Tech companies with manufacturing facilities in mainland China, including Apple Inc., are facing months-long disruption amid a massive outbreak of COVID-19 in the Middle Kingdom after the Chinese Communist Party dropped its zero-COVID policy.

COVID disrupting western tech companies in the country is nothing new. Apple faced delays in manufacturing as early as February 2020, before the virus had spread to the west and has suffered manufacturing issues since, but the situation on the ground now is unprecedented.

The CCP’s zero-COVID policy meant that anyone who tested positive or was exposed to someone positive was isolated and put in quarantine. The policy was still in place until early this month when in the face of unprecedented protests and a rapidly slowing economy, the CCP, to the surprise of many, blinked and the policy disappeared.

Many big tech companies operate in mainland China but Apple, through its relationship with Hon Hai Precision Industry Co. Ltd. (Foxconn), is perhaps the best known. Noting that protesting and civil disobedience in China is not allowed, it was a Foxconn iPhone factory in Zhengzhou where the first significant signs of protest against zero-COVID began. On Nov. 6, Apple warned that supplies of the iPhone 14 Pro and iPhone Pro Max would be lower than anticipated but little did they know what would happen less than two months later.

Having dropped zero-COVID, the Middle Kingdom is now undergoing the biggest outbreak not only of COVID but probably any virus in history. Estimates put new COVID cases at 37 million a day, with an estimated 250 million cases as of Dec. 24. The true figure may never be known as China has stopped publishing the data amid the massive outbreak. Hospitals are overflowing, morgues can’t keep up and experts believe that the worst is yet to hit.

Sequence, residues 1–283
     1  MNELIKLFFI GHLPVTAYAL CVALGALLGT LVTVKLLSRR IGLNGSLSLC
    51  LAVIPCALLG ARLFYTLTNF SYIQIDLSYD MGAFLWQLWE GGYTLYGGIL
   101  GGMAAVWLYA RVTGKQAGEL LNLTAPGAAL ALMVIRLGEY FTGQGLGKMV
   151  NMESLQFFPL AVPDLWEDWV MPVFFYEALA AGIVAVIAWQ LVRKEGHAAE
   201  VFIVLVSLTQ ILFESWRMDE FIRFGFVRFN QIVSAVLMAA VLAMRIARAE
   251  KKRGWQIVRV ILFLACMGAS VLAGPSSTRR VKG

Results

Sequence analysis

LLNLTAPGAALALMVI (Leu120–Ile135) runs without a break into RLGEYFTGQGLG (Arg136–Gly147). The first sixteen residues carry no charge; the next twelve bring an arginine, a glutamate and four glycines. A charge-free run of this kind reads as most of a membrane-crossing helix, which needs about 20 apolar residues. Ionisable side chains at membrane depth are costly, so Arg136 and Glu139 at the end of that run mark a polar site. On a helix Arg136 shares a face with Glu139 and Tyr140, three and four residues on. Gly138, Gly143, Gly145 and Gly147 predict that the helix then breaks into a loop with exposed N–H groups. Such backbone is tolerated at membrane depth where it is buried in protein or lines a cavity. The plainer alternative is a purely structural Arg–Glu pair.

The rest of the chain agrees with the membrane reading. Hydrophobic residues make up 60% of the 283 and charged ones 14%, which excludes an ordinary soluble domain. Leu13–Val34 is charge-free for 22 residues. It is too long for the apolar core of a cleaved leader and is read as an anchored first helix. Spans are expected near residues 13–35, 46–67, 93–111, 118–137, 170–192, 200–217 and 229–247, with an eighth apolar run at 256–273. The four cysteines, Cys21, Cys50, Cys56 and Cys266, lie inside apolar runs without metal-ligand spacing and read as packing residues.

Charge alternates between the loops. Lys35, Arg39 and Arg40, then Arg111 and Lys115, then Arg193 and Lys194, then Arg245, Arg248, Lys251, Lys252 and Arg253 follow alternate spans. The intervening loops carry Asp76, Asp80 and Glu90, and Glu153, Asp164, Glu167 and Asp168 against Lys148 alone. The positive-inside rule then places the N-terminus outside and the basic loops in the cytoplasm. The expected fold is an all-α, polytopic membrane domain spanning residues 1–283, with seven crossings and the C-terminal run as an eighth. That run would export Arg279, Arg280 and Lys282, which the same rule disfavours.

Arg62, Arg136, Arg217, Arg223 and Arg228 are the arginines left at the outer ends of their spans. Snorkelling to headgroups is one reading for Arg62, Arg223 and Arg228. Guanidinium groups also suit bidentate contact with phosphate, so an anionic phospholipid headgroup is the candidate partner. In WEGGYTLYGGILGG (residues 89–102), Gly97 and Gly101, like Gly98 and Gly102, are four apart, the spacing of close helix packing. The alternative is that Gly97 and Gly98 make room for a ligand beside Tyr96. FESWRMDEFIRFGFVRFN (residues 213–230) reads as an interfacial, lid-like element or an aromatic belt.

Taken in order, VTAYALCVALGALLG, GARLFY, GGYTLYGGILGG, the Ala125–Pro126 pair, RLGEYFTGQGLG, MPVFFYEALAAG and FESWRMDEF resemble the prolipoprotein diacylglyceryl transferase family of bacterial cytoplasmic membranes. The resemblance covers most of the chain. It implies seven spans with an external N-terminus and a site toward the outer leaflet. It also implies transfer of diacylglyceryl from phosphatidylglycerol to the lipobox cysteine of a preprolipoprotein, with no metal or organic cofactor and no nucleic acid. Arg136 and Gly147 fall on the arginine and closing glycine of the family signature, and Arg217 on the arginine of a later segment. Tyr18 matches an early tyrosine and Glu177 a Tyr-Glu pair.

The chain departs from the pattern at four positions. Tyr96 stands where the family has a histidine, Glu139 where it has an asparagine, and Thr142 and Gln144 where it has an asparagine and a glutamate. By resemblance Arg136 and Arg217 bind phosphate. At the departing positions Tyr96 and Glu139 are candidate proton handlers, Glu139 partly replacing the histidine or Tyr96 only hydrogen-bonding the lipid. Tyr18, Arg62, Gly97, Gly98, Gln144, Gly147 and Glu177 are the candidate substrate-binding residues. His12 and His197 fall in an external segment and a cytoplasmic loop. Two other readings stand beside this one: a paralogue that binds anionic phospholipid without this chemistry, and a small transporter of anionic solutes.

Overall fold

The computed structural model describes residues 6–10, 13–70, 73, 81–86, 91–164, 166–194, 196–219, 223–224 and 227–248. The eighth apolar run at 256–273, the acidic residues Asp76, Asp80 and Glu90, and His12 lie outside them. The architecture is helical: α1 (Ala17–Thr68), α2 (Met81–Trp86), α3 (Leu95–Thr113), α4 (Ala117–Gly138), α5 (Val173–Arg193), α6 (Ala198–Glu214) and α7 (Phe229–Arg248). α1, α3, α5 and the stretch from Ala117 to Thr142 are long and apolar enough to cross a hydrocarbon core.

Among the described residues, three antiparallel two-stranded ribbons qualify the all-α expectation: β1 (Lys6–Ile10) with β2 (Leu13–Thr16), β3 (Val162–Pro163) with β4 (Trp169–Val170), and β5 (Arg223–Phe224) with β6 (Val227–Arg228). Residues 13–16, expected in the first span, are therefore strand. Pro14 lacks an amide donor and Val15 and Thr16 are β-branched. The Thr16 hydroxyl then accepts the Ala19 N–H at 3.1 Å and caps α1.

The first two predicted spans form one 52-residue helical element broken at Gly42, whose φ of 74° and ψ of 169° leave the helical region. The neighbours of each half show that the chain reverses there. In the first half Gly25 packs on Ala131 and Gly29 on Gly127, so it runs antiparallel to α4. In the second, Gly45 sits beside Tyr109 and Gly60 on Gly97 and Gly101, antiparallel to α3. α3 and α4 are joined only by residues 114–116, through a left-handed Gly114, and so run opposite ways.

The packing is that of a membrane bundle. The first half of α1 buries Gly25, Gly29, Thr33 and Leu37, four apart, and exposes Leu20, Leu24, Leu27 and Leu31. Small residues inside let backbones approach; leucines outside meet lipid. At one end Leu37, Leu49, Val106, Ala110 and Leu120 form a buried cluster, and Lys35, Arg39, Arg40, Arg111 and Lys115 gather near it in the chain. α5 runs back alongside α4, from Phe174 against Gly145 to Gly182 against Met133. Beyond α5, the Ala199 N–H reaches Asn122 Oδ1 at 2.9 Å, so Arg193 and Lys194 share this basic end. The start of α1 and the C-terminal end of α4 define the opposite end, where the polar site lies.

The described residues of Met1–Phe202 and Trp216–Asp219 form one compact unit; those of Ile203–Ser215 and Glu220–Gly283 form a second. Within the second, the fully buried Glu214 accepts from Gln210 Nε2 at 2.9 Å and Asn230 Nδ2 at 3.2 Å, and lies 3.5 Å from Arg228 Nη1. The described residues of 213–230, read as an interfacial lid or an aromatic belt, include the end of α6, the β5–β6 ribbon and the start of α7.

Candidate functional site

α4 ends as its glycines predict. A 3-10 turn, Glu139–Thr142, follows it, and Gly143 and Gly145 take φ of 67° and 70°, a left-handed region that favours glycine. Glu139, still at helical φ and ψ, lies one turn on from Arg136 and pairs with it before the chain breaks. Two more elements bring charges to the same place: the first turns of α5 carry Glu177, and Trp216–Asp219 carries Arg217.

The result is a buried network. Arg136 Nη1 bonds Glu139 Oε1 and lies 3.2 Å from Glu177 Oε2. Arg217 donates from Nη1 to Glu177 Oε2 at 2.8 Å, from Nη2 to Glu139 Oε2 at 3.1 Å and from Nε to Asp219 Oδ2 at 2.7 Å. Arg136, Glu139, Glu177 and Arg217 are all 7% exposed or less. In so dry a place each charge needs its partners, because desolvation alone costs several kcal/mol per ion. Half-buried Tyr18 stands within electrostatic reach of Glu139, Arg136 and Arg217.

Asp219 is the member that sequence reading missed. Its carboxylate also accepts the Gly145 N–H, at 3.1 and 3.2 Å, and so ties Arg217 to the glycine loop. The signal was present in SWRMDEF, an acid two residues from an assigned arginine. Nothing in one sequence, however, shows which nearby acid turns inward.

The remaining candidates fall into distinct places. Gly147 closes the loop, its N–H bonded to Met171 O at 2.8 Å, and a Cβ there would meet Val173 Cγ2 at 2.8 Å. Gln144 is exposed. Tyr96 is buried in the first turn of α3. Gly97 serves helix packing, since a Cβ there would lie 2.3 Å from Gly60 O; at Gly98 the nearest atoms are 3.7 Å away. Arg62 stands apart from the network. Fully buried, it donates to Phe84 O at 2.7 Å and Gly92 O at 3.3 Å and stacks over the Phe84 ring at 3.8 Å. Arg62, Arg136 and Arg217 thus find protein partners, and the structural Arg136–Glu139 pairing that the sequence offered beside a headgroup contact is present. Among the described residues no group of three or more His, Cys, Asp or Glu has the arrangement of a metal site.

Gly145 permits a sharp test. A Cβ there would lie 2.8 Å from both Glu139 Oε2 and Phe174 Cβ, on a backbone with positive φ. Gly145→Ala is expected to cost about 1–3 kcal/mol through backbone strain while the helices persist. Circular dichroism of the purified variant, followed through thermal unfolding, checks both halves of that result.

The amount of disruption is without precedent. With millions falling sick – the country has low immunization rates and the vaccines being used in China are regarded as nearly useless anyway, western tech companies operating in mainland China are facing similar disruption.

The Financial Times reports that supply chain experts are warning that there is a growing risk of months-long disruption to the supply of iPhones. Unlike the previous outbreak at the Zhengzhou iPhone factory, this disruption will be much further spread due to potential worker shortages at component plants and assembly lines across the country.

“We should be seeing a lot of operations get impacted by absenteeism, not just at factories, but warehouse, distribution, logistic and transportation facilities as well,” said Bindiya Vakil, chief executive of supply chain mapping company Resilinc, told FT.

The supply chain issues are also expected to hit Apple’s bottom line. Analysts believe that Apple’s revenue will fall below its record of $123.9 billion in the same quarter of last year with profit expected to drop below 8%, but that’s just the last quarter of this year. Next year could be worse.

Along with supply issues, Apple also relies on mainland China for a fifth of its revenue. Worker shortages affect not only manufacturing but also retail, with Apple stores in China already cutting hours due to a lack of available employees. There is also a concern that given the crisis, Chinese consumers will also stop spending on non-essential items until the worst of the outbreak has passed.

Apple is not alone in facing issues, with Tesla Inc. reported having suspended manufacturing at its Shanghai plant. The plant was expected to shut down over New Year, but the decision came earlier than expected.

Other companies with manufacturing facilities in mainland China that are likely to be affected include Samsung Electronics Co. Ltd., Microsoft Corp., Google LLC, Dell Corp. and HP Development Co. LP.

Photo: Duncan Riley

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